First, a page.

Evidence that stores are pulling off a decent holiday season keeps coming in.
“It looks like a solid selling season for brick and mortar,” Scott Wolstein, chief executive officer of Starwood Retail Partners, told WWD on Wednesday.
He characterized the season as “consistent” with forecasts for sales gains in the 3 to 4 percent range and said it’s been fueled by last-minute shopping, Hanukkah starting late and the extra two days between Thanksgiving and Christmas compared to last year.
“One positive surprise is that department stores did a little better than expected,” Wolstein said. Restaurants, cosmetics, women’s and children’s clothing, and athletic footwear were strong, though jewelry wasn’t and theater sales were flat, he said.
Regarding traffic Monday and Tuesday this week, “Anecdotally, it continues to be solid,” Wolstein said. “With most shoppers given the day off, Dec. 26 also saw some of the strongest traffic of the season, especially for restaurants.”
Starwood’s holiday report was consistent with disclosures over the last few days from other retailers and retail analysts of a late surge in gift shopping. though that happens year after year, this time it appeared more robust.
Analysts at the Telsey Advisory Group said in a research note Wednesday that last week, “Malls were busy and traffic seemed average to above average as most consumers shopped for last-minute items for Christmas and Hanukkah. In addition, the traffic momentum continued post-Christmas as consumers redeemed gift cards, returned products and shopped clearance merchandise.”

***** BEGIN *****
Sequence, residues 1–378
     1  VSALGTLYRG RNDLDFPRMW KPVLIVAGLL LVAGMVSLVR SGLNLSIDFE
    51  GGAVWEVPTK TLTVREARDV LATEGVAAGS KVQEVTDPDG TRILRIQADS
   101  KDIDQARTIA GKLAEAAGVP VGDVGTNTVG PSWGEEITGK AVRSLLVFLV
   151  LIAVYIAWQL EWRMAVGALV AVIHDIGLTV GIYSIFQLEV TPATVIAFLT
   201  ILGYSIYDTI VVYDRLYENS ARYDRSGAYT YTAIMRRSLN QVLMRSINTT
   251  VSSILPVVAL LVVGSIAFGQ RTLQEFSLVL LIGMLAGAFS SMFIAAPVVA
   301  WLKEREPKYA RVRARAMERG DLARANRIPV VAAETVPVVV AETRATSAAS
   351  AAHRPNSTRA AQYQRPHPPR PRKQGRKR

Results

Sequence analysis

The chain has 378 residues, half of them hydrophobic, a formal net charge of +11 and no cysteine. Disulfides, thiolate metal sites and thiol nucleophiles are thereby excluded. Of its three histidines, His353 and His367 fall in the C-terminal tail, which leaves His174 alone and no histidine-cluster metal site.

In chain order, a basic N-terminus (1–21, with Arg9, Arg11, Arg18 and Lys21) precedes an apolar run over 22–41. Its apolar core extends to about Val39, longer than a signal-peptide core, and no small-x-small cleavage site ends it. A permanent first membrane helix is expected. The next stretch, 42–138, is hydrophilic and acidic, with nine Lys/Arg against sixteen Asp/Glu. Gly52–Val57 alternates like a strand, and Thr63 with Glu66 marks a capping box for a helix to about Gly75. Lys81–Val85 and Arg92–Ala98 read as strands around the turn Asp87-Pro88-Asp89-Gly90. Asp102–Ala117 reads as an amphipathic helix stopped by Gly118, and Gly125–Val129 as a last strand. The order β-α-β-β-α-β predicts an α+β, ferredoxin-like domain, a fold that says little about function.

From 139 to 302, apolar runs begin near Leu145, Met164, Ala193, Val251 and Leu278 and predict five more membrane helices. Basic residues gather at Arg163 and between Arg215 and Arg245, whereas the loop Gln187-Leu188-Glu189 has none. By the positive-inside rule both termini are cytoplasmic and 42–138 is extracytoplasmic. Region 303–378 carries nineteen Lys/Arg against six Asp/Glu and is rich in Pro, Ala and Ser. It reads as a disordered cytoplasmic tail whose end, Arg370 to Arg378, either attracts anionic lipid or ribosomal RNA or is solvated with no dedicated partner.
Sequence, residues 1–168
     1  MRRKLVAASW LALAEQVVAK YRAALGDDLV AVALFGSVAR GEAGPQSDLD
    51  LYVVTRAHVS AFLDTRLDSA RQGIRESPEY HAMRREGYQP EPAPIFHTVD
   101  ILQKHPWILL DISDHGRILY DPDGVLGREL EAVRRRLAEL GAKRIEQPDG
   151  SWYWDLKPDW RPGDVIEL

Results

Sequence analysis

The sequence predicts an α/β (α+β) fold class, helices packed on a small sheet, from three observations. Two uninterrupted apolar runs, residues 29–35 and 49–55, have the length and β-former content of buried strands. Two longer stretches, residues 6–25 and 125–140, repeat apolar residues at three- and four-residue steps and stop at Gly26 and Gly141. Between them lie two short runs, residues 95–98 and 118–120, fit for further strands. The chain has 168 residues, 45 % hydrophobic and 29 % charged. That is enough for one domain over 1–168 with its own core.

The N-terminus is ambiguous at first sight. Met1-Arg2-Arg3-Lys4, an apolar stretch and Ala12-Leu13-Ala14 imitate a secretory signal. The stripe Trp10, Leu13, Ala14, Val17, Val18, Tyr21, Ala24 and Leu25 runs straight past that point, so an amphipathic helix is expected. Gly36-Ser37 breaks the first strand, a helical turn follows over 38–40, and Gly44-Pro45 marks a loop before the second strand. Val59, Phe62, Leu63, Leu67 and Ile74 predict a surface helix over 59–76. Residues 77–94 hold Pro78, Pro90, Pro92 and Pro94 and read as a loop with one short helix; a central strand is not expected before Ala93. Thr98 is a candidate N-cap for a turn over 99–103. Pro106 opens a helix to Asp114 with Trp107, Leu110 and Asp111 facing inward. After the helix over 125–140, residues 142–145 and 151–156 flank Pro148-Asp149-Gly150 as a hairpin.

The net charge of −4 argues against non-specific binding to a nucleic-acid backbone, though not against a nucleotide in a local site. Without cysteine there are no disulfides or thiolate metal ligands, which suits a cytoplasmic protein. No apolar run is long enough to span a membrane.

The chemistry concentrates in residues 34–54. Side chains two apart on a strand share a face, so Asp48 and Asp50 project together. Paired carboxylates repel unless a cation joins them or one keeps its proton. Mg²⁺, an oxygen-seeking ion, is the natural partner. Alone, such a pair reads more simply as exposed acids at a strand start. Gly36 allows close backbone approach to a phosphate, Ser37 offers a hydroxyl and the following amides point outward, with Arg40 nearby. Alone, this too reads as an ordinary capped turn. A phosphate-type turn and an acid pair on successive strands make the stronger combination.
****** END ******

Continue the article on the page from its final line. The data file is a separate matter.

However, Cowen and Co. had a different perspective, stating Wednesday in a report that mall traffic is still challenged and remains negative, though its not as bad as expected, declining 8.18 percent in the week ending Dec. 24, above the negative 10 to 12 percent projected. Retailers in malls, while seeing less shoppers this year, have found conversion rates to be better, meaning those entering stores are buying and not just browsing.
Starwood, founded in 2012 and owned by Starwood Capital Group, owns a total of 30 malls, open-air and lifestyle centers around the country. Among the firm’s largest are the 1,650,000-square-foot Southpark Mall in Strongsville, Ohio; the 1,400,000-square-foot Fairlane Town Center in Dearborn, Mich.; the 1,360,000-square-foot Southlake Mall in Merrillville, Ind.; the 1,270,000-square-foot Mall at Wellington Green in Wellington, Fla., and the 1,200,000-square-foot Shops at Willow Bend in Plano, Tex.
“Shoppers want the greatest value for their hard-earned dollars, and many will wait until the last possible moment to find that perfect gift at the best possible price. This year proved that, as Friday, Dece. 23 proved to be the second-busiest day of the season, our retailers tell us,” said Wolstein.
To compile the report, Starwood Retail’s mall staff requests year-over-year sales from approximately 28 center specialty tenants and department stores. Traffic figures are obtained through in-center Wi-Fi technology, retailers’ reports of best-selling items and mall staff at seven centers interviewing guests through the season for anecdotal evidence of their shopping plans and patterns.